Thank you user204088 - a question about permissions which describes a security model! (most people just moan they can't get stuff to work, and accept the answer that says change the permissions to 0777).
One thing you didn't mention is how the sites get created, and how they get modified, and how much isolation there should be between sites.
A couple of things of note:
1) I would recommend setting the document root to be a folder below the home folder. That way you can have scope for a per-site include directory, a per-site uploads directory and a per-site session data directory none of which are served up as URLs by the webserver. It also means that all the junk from /etc/skel isn't accessible either.
2) Except in very rare circumstances, your webserver should not have write access to any content within the documentroot.
In order to create users (with home directories) you need to be root - hence I'd go with setting up a template site in /etc/skel and writing a simple bash script to create a user and add a vhost record to the httpd.conf (on my PCLinux box this goes in /etc/httpd/conf/vhosts.d - name the file the same as the hostname, less the www. prefix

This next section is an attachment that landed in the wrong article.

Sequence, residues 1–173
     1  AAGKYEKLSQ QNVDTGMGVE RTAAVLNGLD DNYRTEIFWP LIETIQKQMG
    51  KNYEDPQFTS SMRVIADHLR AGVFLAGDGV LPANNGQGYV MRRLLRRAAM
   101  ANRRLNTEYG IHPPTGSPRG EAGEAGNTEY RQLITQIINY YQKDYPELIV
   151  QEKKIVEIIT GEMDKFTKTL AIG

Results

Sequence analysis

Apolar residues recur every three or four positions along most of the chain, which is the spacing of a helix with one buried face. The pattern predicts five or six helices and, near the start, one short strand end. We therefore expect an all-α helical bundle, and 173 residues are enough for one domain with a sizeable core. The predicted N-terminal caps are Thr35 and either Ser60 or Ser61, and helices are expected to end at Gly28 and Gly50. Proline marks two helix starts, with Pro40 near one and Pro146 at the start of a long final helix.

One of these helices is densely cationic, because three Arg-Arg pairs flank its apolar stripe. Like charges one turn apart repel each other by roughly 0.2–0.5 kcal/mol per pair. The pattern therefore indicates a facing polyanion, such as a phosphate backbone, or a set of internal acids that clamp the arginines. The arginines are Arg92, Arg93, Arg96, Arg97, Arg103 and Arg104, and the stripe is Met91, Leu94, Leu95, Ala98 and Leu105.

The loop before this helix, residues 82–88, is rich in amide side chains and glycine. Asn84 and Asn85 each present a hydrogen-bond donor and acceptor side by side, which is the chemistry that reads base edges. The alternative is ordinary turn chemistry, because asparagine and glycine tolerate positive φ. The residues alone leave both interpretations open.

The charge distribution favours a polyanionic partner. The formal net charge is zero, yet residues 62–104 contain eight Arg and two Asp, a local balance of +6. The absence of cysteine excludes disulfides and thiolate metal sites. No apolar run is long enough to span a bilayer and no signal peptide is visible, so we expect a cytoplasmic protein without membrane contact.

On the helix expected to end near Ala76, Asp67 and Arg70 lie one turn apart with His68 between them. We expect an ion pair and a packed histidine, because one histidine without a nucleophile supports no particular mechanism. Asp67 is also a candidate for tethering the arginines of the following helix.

Allowing the sites account read/write access to all the sites content is where it gets messy. You could set up a common group and ensure that all files/directories are group writable (chmod g+S) but this means that users can access each other's content. It's probably a better idea to go with the one group per user model, set the file permissions as writeable by the group and add the 'sites' account to each of the single-user groups.
Apache gets read access to the files/directories via the 'other' - so remember to set the umask appropriately.
Bundling this all up into a bash script runnable only by root is simple. You can do stuff like invoke this via sudo (make sure you add further authentication) from your webserver to put a simple front end on the creation of accounts/vhosts.
And once the user account is created you can manipulate the files using the 'sites' account.